Is modern BI here yet? A Domo customer panel weighs in on data ownership, culture change, and the potential of data apps

Jon Reed Profile picture for user jreed March 31, 2022
What exactly is modern BI - and why does it make me irritable? A Domopalooza customer panel gave me the opportunity to push into BI project ROI, and hear views on Domo's Data Apps announcements. Then the discussion moved in an unexpected direction.

Jake Collins of UPMC, speaking at Domo
(Jake Collins of UPMC speaks)

Have I mentioned that I'm optimistic about modern BI? Have I also mentioned that I'm grouchy about modern BI?

At Domo's recent Domopalooza show, I probed further into this analytical dichotomy. One highlight: a stellar customer panel, presented as part of the Domo (virtual) analyst day event.

I define modern BI as: better BI tooling to address the original promise of BI. How? By putting data - and the power to manipulate data views - in the hands of business users.

I place Domo amongst a handful of BI vendors who are shaping the so-called modern BI conversation. How did Domo get on my short list? Via convincing customer stories. Stuart has a couple of those in our pipeline, see: Tacos and tech - how ‘damn good’ analytics from Domo is fuelling growth at Torchy’s Tacos. My all-time highlight: at a pre-pandemic Domo user event, I learned about an office secretary who changed how her company viewed her - and how her company viewed data - by creating her own Domo "cards."

The modern BI grouch - me

So why am I grouchy about modern BI? Three reasons:

1. BI tooling for business users has drastically improved, but we're not there yet. There is still an adoption and effectiveness gap.

2. Better tooling doesn't mean better decisions with better information. Better decisions should lead to bottom line results - and better treatment of customers. How many examples have we really seen of that, at enterprise scale? Better information isn't a given either. Yes, data cleansing and integration tools have improved, but data still lingers in silos.

3. Tools don't fix culture problems. A "single source of analytics truth" might limit spreadsheet chaos. It might end data arguments, but: it doesn't mean we will question our business agenda when the data proves otherwise.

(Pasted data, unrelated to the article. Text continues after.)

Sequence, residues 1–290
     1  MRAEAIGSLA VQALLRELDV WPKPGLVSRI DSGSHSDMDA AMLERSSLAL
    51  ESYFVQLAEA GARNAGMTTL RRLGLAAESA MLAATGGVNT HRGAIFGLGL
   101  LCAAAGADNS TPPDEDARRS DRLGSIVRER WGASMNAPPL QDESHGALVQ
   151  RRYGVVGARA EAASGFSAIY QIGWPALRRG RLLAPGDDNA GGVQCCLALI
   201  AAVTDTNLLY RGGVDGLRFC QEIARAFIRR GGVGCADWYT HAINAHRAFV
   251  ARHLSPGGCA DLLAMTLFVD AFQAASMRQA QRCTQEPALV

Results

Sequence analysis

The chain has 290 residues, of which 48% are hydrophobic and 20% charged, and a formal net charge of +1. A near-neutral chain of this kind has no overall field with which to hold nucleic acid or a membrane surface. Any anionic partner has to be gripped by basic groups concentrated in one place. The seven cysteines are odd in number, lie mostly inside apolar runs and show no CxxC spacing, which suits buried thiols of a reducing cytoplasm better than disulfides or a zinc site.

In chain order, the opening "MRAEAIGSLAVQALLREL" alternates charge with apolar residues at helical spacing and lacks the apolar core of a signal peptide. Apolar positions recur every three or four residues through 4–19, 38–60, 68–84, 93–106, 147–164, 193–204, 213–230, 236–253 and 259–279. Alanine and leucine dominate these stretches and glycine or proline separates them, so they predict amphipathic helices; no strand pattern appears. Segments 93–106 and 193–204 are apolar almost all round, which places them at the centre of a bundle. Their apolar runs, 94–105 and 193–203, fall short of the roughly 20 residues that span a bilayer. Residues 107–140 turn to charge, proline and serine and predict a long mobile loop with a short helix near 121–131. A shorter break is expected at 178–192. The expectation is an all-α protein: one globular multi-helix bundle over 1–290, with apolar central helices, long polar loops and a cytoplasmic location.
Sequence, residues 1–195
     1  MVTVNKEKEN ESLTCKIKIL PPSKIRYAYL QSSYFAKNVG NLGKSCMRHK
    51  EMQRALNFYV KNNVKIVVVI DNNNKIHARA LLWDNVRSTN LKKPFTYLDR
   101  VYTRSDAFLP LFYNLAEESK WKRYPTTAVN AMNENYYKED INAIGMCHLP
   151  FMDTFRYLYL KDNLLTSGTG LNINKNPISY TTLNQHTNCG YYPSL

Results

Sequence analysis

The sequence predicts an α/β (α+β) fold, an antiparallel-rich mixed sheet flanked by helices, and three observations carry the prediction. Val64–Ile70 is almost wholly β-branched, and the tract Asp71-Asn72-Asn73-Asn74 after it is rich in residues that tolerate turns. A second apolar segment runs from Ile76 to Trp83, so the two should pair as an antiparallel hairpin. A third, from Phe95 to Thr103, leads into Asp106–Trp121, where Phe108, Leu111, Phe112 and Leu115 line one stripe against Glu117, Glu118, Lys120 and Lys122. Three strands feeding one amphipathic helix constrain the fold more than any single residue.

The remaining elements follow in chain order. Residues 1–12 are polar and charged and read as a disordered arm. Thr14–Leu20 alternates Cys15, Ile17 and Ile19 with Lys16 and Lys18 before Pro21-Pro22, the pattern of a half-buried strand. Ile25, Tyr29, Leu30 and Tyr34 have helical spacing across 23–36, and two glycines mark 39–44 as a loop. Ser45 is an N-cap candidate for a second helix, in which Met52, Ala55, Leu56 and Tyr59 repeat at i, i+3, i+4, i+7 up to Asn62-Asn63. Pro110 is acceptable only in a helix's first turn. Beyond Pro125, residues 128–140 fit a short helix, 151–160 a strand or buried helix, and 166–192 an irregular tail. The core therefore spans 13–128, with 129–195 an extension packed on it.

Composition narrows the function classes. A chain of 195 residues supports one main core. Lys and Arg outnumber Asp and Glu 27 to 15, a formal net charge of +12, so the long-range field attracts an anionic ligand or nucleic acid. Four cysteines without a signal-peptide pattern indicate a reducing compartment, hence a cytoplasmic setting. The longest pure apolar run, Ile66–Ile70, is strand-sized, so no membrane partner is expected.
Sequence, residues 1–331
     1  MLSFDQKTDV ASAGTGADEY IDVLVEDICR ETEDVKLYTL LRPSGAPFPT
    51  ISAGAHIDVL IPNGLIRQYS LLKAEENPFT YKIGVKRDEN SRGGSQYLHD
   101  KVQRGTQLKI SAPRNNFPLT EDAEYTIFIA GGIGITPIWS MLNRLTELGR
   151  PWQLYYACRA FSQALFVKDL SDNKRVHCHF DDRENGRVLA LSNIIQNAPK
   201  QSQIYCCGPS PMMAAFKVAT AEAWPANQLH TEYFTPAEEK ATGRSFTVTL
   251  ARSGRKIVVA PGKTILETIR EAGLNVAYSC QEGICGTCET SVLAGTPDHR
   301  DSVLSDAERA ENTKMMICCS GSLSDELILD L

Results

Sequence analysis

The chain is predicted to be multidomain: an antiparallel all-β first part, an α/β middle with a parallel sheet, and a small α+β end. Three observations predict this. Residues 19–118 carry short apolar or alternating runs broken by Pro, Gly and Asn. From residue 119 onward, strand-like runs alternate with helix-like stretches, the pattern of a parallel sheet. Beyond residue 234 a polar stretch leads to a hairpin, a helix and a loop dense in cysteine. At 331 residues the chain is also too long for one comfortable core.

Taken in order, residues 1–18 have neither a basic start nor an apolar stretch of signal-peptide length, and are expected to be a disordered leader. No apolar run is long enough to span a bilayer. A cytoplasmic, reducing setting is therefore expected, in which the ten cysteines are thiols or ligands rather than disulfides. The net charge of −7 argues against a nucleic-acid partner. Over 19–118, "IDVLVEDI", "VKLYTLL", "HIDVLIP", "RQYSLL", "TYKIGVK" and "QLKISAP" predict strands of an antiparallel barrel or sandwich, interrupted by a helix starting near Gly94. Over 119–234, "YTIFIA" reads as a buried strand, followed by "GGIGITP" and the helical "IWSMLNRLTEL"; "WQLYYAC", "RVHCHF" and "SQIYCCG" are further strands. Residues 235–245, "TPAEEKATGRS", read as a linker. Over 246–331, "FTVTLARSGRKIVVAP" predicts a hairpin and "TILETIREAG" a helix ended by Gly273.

Can data apps fill the traditional BI gap?

Look no further than Domo's centerpiece announcement: time to double down on data apps. (Domo Launches Data Apps to Fill the Gaps of Traditional BI and Analytics). CEO John Mellor acknowledged the modern BI problem - and explained why data apps could close that value/adoption gap.

It is time for organizations to move beyond thinking of data as charts and graphs and towards adopting customized intelligent apps that not only deliver insights but drive action and support the needs of workers right where the work gets done,” said John Mellor, Domo CEO. “Our focus with Data Apps is supporting the white spaces in organizations where traditional BI and enterprise software applications like CRM and ERP have traditionally not reached."

One way of thinking about data apps: instead of having business users look at data in dashboards, why not give it to them at the point of action/decision? But what do Domo's customers think? At the Domo customer panel, we pressed the question. First to chime in was Jake Collins, Director, Marketing Intelligence at UPMC, a 40 hospital, 800 outpatient center health care system based in western Pennsylvania. UPMC's footprint has a diverse international scope, which brings business user complexity right along with it. As Collins told us: 

I'm excited about it. We've done a fair amount of custom app development for just that reason. To see apps becoming a more standard part of the package, I think, is going to open up more opportunities for us to do that.

Collins sees the impact of moving beyond dashboards:

There will always be things where we want the dashboard, just because it provides some kind of cohesive worldview for folks, but I think a lot of what Domo is going to do with the apps will really facilitate some of the directions that we've been moving as an organization anyway.

Kelsey McMahon. Manager, Marketing Analytics at CME Group, added:

I totally agree. I'm so excited to see what it can do. Especially the accelerator piece of it; I'm excited to see what that will do for us. [Editor's note: as part of Domo's Data Apps news, Domo announced accelerator apps: "highly configurable Data Apps designed to support common business processes." The first four accelerator apps are for customers in retail, CPG and financial services. These can be viewed in the Domo Marketplace.]

Boyd Kezerian, Chief Transformation Officer with Walker Edison, welcomes Domo Apps as a central point of emphasis:

I would just echo the same thing: we're super excited about it. We use custom apps right now. It's sort of been on the fringes of what Domo's capabilities have been. We're really excited to see that as an integral part of the platform, and just really become more of an everyday-use type tool.

The ROI of BI - what metrics do Domo customers use?

Data Apps are a meaty initiative for Domo to execute on this year. For now, I had a different question for the panel: ROI.

As you get results from Domo and look to build momentum, you have to then go back to the business and make your case for further Domo investments. So my question is: what metrics do you like to use to measure the success of your Domo initiatives? Everything from ROI to more intangible things like employee morale and better adoption.

Collins of UPMC answered first: